Primary School Signature Programs
Primary students are invited and empowered to live out their faith in exuberant and creative ways. Gathering together at chapel becomes the heart and soul of our community as we celebrate God’s goodness, learn to be attentive to his Word, and pray for the world. Worship takes place twice a week, with special focus on the holy days and holidays, and teachers take these lessons into the classroom the rest of the week. Faith in our heavenly Father challenges us to go deeper, ask questions, and live ever more fully in God’s world. Find out more about Primary School Chapel.
Reggio-Inspired Approach to Learning
To live and work in our rapidly changing world, children must learn to ask questions, think critically, solve problems, and work with others. Our Primary School program—modeled after the early education programs of Reggio Emilia, Italy—teaches these skills through child-initiated projects requiring teamwork and problem-solving. The Reggio approach fosters in-depth inquiry and shared responsibility for learning between the child, teacher, and peers.
The Primary School’s Reggio-inspired/project-based approach encompasses several key components:
Children are seen as competent, resourceful, curious, imaginative, inventive, and possessing a desire to interact and communicate with others. All children have potential, construct their own learning, and are capable.
Teachers are seen as researchers who listen, observe, and document children’s work and growth. Teachers are learning alongside the children. Serving as facilitators, they plan and provide learning opportunities, stimulate thinking, and encourage collaboration.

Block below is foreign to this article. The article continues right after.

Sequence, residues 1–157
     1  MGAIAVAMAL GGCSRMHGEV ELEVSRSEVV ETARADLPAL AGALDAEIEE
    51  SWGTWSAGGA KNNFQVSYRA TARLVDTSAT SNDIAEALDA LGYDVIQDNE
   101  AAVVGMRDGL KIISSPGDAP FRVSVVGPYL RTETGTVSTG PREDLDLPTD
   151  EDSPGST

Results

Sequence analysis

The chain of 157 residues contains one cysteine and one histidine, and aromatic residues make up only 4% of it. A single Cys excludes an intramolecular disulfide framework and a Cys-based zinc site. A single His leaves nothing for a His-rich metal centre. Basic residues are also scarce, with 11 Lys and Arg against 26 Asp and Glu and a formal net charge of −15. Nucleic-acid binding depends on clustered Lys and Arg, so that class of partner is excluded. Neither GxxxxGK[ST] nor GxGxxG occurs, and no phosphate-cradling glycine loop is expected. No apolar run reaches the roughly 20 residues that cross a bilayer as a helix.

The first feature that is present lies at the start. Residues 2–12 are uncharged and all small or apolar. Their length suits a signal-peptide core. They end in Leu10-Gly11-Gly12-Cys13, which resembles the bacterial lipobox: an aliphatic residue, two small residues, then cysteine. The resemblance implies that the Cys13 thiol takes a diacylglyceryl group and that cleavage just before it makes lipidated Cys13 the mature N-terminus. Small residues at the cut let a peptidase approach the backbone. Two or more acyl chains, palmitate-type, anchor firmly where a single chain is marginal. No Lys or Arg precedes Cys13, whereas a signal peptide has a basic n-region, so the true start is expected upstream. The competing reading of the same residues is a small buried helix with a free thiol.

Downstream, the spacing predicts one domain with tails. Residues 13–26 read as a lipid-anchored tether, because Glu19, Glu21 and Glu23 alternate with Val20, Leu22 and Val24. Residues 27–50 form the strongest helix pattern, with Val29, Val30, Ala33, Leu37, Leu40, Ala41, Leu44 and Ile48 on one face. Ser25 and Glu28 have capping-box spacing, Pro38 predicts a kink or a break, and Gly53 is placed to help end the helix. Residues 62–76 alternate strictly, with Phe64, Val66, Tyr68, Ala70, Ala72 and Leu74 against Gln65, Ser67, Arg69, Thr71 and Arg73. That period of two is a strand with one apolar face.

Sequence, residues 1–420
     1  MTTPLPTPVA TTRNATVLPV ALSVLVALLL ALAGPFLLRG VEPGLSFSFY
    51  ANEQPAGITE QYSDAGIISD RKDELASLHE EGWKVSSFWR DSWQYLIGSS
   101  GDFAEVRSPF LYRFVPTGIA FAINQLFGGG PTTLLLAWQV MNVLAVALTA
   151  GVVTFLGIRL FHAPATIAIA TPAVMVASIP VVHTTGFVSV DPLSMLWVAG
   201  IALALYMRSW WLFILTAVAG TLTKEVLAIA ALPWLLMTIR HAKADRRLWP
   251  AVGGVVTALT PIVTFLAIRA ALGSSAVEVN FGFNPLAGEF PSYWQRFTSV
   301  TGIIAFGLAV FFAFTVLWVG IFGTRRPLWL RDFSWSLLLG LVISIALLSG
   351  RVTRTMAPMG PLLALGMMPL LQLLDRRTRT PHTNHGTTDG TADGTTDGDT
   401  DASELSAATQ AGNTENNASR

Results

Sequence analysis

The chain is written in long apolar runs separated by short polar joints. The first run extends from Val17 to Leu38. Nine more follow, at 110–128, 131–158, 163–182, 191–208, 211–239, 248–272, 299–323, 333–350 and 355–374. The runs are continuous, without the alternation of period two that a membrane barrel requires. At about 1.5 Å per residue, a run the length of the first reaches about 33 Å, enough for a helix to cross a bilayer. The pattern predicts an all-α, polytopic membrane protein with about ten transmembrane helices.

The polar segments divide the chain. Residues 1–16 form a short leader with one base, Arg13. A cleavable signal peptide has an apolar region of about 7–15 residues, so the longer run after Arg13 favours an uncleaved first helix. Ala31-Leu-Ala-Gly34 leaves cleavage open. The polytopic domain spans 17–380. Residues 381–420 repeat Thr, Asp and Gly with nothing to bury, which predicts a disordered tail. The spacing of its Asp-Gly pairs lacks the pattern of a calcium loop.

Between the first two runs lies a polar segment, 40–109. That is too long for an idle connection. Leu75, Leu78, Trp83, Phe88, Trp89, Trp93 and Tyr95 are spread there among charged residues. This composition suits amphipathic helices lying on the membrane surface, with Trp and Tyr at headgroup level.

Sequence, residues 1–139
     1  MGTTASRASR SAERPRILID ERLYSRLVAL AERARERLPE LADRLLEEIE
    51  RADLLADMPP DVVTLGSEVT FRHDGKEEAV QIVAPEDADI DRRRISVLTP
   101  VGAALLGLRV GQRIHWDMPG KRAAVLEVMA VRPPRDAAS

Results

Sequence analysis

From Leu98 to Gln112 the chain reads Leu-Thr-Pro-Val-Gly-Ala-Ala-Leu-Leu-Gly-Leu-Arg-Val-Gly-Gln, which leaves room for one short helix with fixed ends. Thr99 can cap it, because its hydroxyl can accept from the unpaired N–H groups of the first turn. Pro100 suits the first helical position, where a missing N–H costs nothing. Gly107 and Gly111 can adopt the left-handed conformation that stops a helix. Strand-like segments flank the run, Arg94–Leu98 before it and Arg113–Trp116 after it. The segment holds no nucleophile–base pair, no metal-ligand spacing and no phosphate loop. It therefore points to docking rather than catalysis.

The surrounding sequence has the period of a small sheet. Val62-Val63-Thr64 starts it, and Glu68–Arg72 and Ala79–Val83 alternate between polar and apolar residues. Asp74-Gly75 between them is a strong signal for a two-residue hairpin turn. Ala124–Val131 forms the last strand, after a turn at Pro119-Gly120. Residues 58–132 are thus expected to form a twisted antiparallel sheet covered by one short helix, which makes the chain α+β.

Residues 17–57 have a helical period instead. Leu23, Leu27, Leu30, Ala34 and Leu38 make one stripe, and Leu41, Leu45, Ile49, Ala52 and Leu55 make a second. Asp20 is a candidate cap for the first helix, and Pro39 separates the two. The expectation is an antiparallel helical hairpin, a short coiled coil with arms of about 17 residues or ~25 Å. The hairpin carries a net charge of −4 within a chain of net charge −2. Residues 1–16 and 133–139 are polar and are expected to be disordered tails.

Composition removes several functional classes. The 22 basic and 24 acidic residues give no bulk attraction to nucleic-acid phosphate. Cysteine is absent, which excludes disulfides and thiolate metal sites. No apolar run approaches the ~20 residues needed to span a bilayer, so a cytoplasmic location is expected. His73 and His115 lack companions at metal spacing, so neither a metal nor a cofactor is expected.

Environment is the third teacher. The room that the teacher organizes provides the immediate background for the physical, social, cognitive, and emotional development of the child. Our Primary School provides a stimulating environment in which a child can maximize his or her potential in each of the four areas of development: cognitive, social-emotional, spiritual, and physical.
Emergent curriculum builds upon the interests of the children. Projects emerge and are in-depth studies of concepts, ideas, and interests. The student experiences learning through play and interaction.
Our emergent curriculum is based upon the questions and interests of the students within the class. Teachers observe students engaged in conversation and play; from these observations spring projects that often span several weeks to several months. Topics are discovered as the students’ interests vary from class to class and from year to year, with new projects unfolding and following the lead of student inquiry. Teachers ask questions to inspire thinking, provide materials and experiences, and assist in student research. The result is students who are focused and demonstrate a much greater attention span, collaborative endeavors that are full of dialogue and active learning, benchmark skills that surface time and again in project work, and meaningful, student-centered study that serves as a hallmark of St. Francis.
Rice Early Literacy
Our Reggio-inspired curriculum isn’t our only stepping stone to future success in the classrooms of St. Francis’s Lower, Middle, and Upper Schools. Our thriving collaboration with Rice University’s School Literacy and Culture program is another. This pupil-centered, best-practice method positions teachers as “story takers” who carefully record students’ thoughts, words, and ideas, which are then acted out by classmates. Teacher-student interaction helps our educators hone in on specific literacy skills, including print concepts, word encoding, vocabulary, and punctuation—all of which meshes seamlessly with the Writer’s Workshop methodology of Lower School. Another aspect of the program is the importance of dramatic play, which enhances learning through a focus on the listening, speaking, and reasoning aspects of literacy.